He said: ‘Jamal has many friends in the Kingdom, including myself, and despite our differences, and his choice to go into his so called “self-exile”, we still maintained regular contact when he was in Washington.’
The crown prince and the king told Donald Trump they knew nothing about the disappearance, the president said in an interview with the AP on October 16.
On October 19, Saudi Arabia admitted Khashoggi had died during a fight at the consulate.
The New York Times previously said it had spoken to three people with knowledge of the Saudi plans relating to General Assiri, who had earlier served as the spokesman for the Saudi-led military intervention in Yemen before being promoted to his current job in intelligence.
Two of the sources said Saudi rulers are set to explain that Assiri had been given verbal permission from the Crown Prince to capture Khashoggi for questioning in Saudi Arabia but that he either overstepped the authorization or misunderstood his orders.
‘You don’t get much closer,’ a source told Kylie Atwood.
The country is to restructure its intelligence agencies after the killing of Khashoggi, under King Salman Abdulaziz Al Saud’s orders.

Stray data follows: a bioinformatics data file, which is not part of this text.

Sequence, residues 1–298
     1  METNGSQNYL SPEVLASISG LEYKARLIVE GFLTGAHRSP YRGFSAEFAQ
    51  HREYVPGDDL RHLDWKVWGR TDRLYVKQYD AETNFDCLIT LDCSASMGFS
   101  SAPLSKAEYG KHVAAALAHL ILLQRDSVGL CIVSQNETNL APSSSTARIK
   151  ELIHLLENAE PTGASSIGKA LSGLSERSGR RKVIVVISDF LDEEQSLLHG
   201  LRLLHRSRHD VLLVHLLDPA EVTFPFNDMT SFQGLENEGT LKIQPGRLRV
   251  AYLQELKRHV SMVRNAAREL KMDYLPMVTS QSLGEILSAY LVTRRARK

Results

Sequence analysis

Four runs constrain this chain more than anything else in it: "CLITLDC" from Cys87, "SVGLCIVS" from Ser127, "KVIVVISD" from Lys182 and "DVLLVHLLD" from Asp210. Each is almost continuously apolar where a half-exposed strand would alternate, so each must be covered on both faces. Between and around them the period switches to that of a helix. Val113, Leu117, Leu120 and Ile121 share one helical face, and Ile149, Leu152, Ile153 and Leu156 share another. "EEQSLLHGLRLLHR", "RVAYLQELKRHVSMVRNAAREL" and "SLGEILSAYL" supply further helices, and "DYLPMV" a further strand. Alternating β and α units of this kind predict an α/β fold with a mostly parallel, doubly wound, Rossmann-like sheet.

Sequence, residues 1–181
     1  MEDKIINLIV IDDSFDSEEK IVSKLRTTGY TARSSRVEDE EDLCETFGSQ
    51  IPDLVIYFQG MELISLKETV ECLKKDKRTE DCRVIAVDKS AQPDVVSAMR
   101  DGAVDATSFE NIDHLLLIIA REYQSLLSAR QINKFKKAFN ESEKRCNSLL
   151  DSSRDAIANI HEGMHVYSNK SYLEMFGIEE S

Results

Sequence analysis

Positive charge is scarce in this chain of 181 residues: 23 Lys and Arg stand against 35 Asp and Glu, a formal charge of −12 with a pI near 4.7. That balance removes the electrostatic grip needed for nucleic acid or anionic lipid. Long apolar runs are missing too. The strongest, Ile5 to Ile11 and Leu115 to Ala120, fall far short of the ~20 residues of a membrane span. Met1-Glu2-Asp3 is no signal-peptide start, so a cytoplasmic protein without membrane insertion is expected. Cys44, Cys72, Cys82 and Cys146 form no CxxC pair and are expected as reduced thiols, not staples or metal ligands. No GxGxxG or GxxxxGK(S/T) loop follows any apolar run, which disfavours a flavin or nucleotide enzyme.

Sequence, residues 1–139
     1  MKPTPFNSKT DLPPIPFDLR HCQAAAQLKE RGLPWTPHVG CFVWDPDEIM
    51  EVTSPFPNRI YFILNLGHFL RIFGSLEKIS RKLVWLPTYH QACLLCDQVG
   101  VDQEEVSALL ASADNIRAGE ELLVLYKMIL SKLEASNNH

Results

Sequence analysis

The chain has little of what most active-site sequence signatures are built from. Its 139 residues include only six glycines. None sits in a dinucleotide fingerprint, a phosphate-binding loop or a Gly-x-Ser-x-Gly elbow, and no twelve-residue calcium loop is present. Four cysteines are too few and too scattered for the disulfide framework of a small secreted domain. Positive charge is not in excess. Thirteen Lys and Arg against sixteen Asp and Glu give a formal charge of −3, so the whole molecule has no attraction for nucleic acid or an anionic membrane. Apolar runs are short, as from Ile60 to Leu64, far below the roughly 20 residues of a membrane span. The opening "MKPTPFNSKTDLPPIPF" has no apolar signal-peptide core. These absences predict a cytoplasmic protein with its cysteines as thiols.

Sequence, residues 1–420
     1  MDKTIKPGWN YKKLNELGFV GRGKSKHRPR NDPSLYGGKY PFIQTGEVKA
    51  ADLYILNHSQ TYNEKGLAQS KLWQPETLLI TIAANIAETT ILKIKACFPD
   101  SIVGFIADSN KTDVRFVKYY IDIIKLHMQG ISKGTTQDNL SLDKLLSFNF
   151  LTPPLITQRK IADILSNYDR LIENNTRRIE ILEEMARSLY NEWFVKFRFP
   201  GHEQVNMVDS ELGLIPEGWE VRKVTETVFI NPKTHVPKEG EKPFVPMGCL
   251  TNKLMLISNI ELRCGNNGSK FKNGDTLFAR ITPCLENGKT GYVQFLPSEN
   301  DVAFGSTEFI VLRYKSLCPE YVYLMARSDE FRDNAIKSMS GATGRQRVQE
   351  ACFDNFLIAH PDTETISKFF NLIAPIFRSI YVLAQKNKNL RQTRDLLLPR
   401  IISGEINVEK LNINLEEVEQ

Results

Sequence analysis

Salman – who is the Custodian of the Two Holy Mosques, Al-al-Haram (in Mecca) and Al-an-Nabawi (in Medina) – ordered that a ministerial committee is formed to restructure the General Intelligence Presidency, modernize its regulations and define its powers.
The Ministry of Foreign Affairs said it was a resolution concerning the journalist’s death and is an extension of the Kingdom’s commitment to consolidating justice.
However the mission is said to be led by his son Crown Prince Mohammed bin Salman, who was suspected of being behind Khashoggi’s disappearance in some versions of stories alleging what happened to the Washington Post writer.
A Saudi official said Friday the prince had no knowledge of details in the Khashoggi case.